Faced with a long list of tasks or a busy week ahead, it’s surprising how often our brains kick into self-sabotage mode. All the reasons not to do something bubble up to the surface, and before we know it, we’ve set it aside in favour of a quicker, easier, or less important task.
But how many of these reasons are truly valid, and what can we do to break down our self-constructed, self-destructive barriers? Here, we’ll consider some of the most common myths we tell ourselves.
I haven’t got time
Who hasn’t already said this today, in reference to one thing or another? It’s an eternal problem that there never seems to be enough hours in the day. We all have too much to do, and not enough time to do it.
Really, this comes down to setting your priorities. We’ve written before about the benefits of eating a frog at the start of the day. It sounds strange, but what this really means is identifying the one thing that’s a top priority for your day (your “frog”) and doing it first. Forget about all the seemingly urgent things that demand your attention, like emails or phone calls. Instead, identify the one thing that will take you much closer to your goal, rather than the several small things that will only make marginal gains.
You may not say this to yourself out loud, but it’s a classic reason for not getting things done – even if you don’t realise it. Fear can be one of the underlying causes of distraction. We allow ourselves to be pulled away from a task to escape the discomfort of facing circumstances we don’t want to deal with.
Money is a common trigger, meaning many clients bury their heads in the sand in an effort to avoid a looming tax bill. However, the classic advice of “face your fears” remains the best way to deal with this. Put simply, the longer you avoid engaging with your finances, the worse they’re likely to be. If you work with us to plan for your tax bill, and save as you go, the outcome won’t be scary at all – it’ll be entirely predictable. Which leads us onto the next issue…
There’s no money for it
With costs rising sharply, most practices are feeling the pinch, and budgets are getting smaller. Many practice owners might find that they want to do things, but simply don’t have the money left to do them. This is a complex problem that must be approached from many angles, but really engaging with us around your tax and finances can certainly be a positive first step.
This is because the sooner you speak to us, the sooner we can identify saving opportunities and help to get a plan in place. This will avoid you being presented with a “surprise” tax bill that you haven’t saved for, which may mean that you have to halt expenditure to pay it off.
It’s too big to handle right now
What do you do when you face a mountain? If you’re a pro athlete, you might continue full speed ahead, but if you’re like most of us, you’ll baulk, tell yourself you haven’t got the energy, and save it for another day. And that’s because every mountain (or sometimes even a hill) of a task seems insurmountable at first. It’s far easier to pause on it, telling yourself you’ll come back when you have the time or energy.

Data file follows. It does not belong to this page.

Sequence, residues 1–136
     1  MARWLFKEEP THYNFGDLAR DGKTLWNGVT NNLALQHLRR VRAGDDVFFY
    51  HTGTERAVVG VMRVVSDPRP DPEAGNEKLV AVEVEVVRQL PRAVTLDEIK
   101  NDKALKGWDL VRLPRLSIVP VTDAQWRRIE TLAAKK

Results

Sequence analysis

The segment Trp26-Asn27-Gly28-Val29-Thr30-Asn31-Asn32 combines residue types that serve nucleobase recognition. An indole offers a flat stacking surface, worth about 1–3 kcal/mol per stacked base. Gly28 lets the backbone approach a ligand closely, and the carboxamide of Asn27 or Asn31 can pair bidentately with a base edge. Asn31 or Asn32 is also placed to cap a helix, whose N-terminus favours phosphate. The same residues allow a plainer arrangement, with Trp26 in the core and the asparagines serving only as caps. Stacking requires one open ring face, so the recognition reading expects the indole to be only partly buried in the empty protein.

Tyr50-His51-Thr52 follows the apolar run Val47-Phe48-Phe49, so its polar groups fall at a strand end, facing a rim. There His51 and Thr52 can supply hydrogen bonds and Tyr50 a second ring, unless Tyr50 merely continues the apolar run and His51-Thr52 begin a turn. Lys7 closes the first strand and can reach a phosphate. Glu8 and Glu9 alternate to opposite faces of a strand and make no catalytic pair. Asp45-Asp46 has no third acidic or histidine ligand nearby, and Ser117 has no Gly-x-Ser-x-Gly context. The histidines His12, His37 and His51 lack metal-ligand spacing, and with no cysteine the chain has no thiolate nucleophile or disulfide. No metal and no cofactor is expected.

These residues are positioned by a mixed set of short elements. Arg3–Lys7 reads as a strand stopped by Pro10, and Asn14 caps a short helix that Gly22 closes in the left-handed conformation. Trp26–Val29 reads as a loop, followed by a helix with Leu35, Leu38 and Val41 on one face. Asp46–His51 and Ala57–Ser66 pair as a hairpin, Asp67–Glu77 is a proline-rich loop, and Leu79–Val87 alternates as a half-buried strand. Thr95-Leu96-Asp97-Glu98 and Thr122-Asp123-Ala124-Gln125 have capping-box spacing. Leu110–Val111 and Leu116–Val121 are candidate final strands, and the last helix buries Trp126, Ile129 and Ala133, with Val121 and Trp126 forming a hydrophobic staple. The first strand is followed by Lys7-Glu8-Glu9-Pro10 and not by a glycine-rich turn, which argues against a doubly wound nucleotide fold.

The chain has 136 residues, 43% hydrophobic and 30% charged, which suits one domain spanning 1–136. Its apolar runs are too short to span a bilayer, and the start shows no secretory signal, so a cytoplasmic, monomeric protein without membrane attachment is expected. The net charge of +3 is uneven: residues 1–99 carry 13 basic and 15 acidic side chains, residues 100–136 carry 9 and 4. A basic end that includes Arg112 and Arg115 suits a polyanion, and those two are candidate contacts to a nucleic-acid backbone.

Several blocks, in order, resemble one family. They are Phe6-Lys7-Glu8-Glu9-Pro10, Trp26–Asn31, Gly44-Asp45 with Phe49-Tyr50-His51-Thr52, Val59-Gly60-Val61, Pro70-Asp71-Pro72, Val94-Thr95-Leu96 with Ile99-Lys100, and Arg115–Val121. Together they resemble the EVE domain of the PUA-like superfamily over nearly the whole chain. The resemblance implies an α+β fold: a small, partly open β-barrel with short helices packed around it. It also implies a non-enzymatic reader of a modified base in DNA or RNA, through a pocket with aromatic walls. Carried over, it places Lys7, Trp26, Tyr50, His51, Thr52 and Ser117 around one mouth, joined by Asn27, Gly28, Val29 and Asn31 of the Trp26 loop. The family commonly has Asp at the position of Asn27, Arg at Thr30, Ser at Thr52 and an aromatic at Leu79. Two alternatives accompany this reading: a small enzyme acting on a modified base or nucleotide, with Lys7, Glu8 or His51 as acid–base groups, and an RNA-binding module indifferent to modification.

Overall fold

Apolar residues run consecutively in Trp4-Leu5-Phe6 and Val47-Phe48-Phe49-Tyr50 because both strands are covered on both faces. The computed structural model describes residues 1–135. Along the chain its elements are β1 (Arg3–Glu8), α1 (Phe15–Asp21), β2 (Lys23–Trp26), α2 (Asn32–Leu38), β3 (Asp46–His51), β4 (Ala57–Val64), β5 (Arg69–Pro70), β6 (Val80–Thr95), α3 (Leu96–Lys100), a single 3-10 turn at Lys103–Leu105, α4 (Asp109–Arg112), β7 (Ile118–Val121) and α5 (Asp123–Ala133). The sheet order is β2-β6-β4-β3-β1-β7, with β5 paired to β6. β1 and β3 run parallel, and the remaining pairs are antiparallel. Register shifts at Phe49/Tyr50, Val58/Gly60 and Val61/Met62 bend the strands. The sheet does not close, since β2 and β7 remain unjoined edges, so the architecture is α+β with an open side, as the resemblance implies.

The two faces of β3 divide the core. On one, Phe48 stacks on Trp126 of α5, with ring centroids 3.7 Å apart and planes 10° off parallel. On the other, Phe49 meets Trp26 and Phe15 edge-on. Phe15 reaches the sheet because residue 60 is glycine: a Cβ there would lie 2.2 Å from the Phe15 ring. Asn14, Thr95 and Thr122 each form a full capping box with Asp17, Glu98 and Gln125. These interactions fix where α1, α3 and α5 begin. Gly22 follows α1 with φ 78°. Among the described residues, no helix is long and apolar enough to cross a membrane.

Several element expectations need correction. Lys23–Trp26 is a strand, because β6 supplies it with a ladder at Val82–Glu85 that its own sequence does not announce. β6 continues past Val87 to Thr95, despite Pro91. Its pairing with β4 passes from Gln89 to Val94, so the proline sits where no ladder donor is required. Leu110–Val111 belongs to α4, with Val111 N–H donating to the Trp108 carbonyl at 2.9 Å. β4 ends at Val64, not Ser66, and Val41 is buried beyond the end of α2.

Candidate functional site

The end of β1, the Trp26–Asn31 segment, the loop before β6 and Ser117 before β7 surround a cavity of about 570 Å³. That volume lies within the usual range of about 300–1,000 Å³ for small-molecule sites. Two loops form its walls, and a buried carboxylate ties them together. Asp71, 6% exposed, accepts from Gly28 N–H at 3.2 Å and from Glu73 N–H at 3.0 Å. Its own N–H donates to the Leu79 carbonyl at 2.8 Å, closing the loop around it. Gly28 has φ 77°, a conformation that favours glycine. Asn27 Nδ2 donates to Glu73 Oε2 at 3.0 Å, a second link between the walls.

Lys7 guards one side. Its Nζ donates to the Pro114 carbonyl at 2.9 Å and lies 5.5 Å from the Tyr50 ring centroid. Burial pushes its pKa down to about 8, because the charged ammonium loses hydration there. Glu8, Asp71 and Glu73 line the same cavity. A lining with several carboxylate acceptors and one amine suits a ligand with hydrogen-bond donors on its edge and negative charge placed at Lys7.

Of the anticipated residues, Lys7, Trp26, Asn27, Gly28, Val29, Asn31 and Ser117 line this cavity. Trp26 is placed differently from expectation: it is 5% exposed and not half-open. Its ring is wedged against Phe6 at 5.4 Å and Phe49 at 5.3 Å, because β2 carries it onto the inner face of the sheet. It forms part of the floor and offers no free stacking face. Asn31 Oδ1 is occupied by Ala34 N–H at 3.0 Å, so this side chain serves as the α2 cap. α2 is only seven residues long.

However, in most cases, big tasks can be broken down into smaller ones. Take small steps up the mountain to make it seem more manageable because this still represents success. For instance, we’ll often need things from clients at the end of the tax year, such as extra paperwork, payroll records, debtor figures, and bank statements. On paper – or rather, in email form – this can seem like a daunting request, but there’s no reason that it all has to be handled in one go. Moving through the list one item at a time will still achieve the same result eventually.
I’ll just see to this quick job
When your to-do list is full, it can be tempting to tick off a few “easy wins” to make yourself feel better. This way, you feel that you’ve achieved something, the list is reducing, and things are moving. In reality, this approach doesn’t move things very much.
Again, this highlights the need to understand what’s really important. Classify your list according to the urgent v. important matrix: whether they’re urgent but not important, urgent and important, not urgent but important, or not urgent or important. If something isn’t urgent or important, it’s definitely not a priority.
I’m not sure what’s happening
If an opportunity arises, you need access to accurate and current numbers to respond to it. If you make a habit of keeping your books updated, you can see, in real time, how your practice is performing and whether you’re able to act. If not, you can only make decisions by sticking a finger in the air – which is always going to feel like a bad move.
I don’t know what to do
When you don’t know what to do, it can feel easiest and safest to do nothing. Often, if you’re crippled by uncertainty, this is because you either, a) don’t have set goals, meaning you’re not sure what you’re working towards, or b) know what you want to achieve, but have no idea how to achieve it. One is a lack of strategy, while the other can be a lack of skills or confidence.
There can also be issues with seeing a problem but not knowing how to fix it. For instance, if patient numbers are dropping and you’re not sure why, or if your bank account is dwindling and you can’t get to the root cause. Whatever the situation, this is often when it’s helpful to engage a third party to help.
The benefit of working with a multi-skilled agency like Hive is that we have in-house experts who can take a look at your practice and its finances, and get a comprehensive picture of how to approach things. To speak to us about what you might need, get in touch.